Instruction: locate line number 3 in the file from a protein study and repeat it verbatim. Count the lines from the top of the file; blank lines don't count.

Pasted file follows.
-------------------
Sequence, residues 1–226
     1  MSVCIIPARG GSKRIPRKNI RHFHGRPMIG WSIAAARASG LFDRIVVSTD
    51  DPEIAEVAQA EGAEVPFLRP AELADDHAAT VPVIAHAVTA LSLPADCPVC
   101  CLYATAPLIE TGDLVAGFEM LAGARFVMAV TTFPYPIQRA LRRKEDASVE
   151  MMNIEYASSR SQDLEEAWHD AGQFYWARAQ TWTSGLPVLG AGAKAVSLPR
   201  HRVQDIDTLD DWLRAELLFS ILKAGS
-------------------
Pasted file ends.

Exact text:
    51  DPEIAEVAQA EGAEVPFLRP AELADDHAAT VPVIAHAVTA LSLPADCPVC